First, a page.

After the victory of the Egyptian revolution in 2011, there has been increased talk in academic circles about the emergence of a new triangle in the Middle East that includes Egypt, Turkey and Iran. This is because of the historical ties among the three parties, their traditionally strong central governments, and their historical roles in the Middle East. This concept of the Greater Middle East differs from that of the neo-conservatives. In the former, the Middle East’s security and harmony rests on the cooperation among the three main countries Egypt, Iran and Turkey, for serving their interests and defending the security of this part of the world. Although some Middle Eastern intellectuals and philosophers showed enthusiasm for that triangle over the past decades, the historical experience shows that it has never actually happened in reality.
In the year 1513, the ruler of Egypt, Qansouh Ghouri, allied with Iran to counter the threat posed by Ottoman Turkey. There was later a Turkish-Iranian convergence under a Western umbrella to face the Arab liberation movement led by Egypt in the 1950s and 1960s. Today, we see an alliance emerging between Egypt and Turkey to face Iran after the Arab Spring, despite the relative improvement in relations between Cairo and Tehran. In short, in the past five centuries the Middle East has not seen an alliance among those three countries. On the one hand, such a triangle will threaten the global balance of power, not just the region. On the other hand, the bilateral relations among the three countries have seen a lot of ups and downs as dictated by national calculations, not by the value for the existence of such a triangle.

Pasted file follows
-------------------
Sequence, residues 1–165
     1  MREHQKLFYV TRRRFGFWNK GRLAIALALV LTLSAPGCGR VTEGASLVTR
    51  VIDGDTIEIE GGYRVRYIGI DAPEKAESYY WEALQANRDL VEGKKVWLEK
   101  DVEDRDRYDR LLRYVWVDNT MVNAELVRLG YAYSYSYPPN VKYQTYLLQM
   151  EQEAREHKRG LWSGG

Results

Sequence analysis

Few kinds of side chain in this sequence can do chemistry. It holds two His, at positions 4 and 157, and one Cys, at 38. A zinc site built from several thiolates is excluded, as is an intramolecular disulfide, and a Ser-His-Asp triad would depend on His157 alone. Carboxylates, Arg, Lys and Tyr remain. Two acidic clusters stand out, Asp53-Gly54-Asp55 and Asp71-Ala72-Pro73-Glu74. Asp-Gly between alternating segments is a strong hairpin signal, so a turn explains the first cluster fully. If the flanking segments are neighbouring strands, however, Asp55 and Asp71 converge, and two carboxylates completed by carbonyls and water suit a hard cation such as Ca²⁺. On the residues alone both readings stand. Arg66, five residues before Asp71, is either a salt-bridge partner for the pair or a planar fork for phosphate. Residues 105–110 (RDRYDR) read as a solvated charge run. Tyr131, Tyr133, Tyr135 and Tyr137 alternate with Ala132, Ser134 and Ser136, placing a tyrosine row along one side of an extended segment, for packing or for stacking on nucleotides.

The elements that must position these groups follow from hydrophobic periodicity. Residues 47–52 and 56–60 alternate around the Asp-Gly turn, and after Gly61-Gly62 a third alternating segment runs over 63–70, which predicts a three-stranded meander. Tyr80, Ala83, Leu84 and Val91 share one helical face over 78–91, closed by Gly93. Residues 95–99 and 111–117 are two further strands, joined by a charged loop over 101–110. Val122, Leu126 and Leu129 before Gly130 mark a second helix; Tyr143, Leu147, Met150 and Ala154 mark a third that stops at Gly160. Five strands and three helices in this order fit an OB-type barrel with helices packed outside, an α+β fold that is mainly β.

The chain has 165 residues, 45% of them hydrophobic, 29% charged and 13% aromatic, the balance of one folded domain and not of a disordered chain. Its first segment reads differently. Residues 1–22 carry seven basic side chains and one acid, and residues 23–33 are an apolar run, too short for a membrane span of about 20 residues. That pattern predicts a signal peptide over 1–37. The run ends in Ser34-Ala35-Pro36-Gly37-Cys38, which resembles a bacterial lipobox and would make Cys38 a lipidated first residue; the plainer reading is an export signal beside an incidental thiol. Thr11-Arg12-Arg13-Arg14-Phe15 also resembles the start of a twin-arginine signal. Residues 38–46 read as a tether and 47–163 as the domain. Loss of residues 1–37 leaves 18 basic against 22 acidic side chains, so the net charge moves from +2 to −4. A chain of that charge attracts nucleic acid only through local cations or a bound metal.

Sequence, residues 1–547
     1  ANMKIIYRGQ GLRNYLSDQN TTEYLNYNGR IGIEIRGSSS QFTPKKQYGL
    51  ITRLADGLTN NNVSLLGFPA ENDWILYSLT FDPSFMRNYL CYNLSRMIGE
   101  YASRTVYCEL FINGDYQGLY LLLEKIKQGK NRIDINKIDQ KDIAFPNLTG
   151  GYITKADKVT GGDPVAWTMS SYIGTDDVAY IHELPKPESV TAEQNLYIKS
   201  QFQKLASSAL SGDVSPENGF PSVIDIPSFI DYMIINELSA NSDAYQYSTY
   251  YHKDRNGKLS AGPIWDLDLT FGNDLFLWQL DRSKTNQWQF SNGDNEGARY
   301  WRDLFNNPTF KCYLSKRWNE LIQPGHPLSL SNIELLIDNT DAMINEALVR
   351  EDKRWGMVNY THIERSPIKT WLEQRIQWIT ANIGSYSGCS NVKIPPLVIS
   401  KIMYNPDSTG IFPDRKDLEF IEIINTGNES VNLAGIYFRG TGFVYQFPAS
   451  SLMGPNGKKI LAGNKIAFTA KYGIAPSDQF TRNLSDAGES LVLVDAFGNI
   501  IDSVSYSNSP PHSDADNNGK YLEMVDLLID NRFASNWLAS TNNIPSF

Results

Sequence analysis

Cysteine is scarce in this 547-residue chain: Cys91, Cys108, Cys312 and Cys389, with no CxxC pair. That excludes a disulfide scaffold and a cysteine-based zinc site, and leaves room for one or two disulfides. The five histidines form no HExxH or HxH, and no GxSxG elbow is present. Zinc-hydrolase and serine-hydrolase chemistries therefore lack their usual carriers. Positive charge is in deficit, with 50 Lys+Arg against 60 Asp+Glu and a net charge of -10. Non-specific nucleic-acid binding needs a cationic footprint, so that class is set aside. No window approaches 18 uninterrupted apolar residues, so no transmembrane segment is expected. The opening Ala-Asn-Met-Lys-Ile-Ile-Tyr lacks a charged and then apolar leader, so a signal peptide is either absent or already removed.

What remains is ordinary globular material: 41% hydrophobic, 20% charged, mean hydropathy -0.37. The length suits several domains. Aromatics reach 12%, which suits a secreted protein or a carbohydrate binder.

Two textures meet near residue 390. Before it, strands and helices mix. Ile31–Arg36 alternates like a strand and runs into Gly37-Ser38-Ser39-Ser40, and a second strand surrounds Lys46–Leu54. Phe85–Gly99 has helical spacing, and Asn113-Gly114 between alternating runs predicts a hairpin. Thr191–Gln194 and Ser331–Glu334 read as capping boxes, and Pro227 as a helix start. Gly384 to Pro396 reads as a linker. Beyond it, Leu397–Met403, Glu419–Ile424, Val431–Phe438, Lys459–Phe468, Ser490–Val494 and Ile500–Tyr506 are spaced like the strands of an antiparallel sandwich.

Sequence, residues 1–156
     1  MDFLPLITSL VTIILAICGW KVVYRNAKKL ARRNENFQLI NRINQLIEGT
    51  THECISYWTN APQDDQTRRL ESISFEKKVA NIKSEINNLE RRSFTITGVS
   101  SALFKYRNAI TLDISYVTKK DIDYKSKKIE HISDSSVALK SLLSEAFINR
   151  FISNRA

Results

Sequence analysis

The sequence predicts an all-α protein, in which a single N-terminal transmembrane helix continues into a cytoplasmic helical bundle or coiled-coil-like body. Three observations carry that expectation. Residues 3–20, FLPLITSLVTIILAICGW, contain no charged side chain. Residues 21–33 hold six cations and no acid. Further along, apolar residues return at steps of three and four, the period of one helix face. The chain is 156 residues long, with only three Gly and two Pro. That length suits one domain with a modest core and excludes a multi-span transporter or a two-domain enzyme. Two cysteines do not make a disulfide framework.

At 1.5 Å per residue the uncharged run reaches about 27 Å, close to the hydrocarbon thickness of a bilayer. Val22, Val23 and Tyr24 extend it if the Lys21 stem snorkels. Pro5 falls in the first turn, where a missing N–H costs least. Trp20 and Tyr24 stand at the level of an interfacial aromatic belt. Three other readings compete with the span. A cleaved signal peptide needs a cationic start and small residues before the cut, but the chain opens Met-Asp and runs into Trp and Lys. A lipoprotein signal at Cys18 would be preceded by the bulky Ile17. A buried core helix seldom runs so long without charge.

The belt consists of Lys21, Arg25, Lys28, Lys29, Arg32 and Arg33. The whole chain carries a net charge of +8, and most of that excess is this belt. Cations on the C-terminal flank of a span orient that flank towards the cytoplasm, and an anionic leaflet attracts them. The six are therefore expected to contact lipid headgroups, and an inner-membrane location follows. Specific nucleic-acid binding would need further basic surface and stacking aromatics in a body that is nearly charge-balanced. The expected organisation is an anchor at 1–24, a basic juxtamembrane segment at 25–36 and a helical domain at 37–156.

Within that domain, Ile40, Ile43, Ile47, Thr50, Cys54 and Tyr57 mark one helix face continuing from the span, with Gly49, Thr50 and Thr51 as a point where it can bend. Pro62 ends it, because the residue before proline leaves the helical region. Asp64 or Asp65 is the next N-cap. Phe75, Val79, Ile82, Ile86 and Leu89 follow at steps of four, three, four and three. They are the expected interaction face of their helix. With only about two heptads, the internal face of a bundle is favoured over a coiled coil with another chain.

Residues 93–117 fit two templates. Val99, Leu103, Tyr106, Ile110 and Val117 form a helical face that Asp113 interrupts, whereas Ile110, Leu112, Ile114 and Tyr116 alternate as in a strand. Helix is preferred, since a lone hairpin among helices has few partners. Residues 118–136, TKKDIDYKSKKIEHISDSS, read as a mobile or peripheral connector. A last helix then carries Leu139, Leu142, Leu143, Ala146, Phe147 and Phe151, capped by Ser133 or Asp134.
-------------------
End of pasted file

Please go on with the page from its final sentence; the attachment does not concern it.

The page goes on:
In parallel, the Middle East has been witnessing a decline in US influence for the past few years. The indicators point that the decline will continue, with US attention turning more and more toward Asia in order to confront China. The American retreat from the region is leaving behind a vacuum that rising regional powers, like Iran and Turkey, will seek to fill. As Turkey and Iran compete throughout the region — from Iraq, Syria, Lebanon and even Gaza — it seems that Egypt under the Muslim Brotherhood has become a tool used by the Turks and the Iranians to compete in the Middle East.
Therefore, the regional balance of power will tend toward the party (Iran or Turkey) that succeeds in weaving a network of relations with Cairo, whereby the latter is used as support to confront the other party. According to that theory, as long as Egypt does not have a national agenda, as has been the case in recent months, and as long as Egypt’s political leadership keeps lacking political imagination, Egypt will be transformed from an equal player — as is supposed to be the case according to the triangle theory — into an arena of conflict between Turkey and Iran on who will lead the region. The theory compares the models posed by both Iran and Turkey on the one side with the Egyptian Muslim Brotherhood model in order to clarify the differences between those models and to try to predict with whom Egypt will ally in the future, Iran or Turkey?
The Muslim Brotherhood’s experience and the Iranian experience
Despite the similarities between the Muslim Brotherhood’s experience and the Iranian experience, a comparison is not appropriate because of seven basic differences:
1. Although it is true that both the Iranian and Egyptian revolutions were not conducted by the Islamic movement alone, in Iran Imam Ruhollah Khomeini was the revolutionaries’ main reference, be they within or without the Islamic current, and that remained to be the case until the fall of the shah. Then the disagreements started and worsened in the first year after the Iranian revolution’s victory. But in the Egyptian case, no Muslim Brotherhood leader acted as an inspiration or a spiritual guide for the revolution that stayed in Tahrir Square from Jan. 25 to Feb. 11, 2011.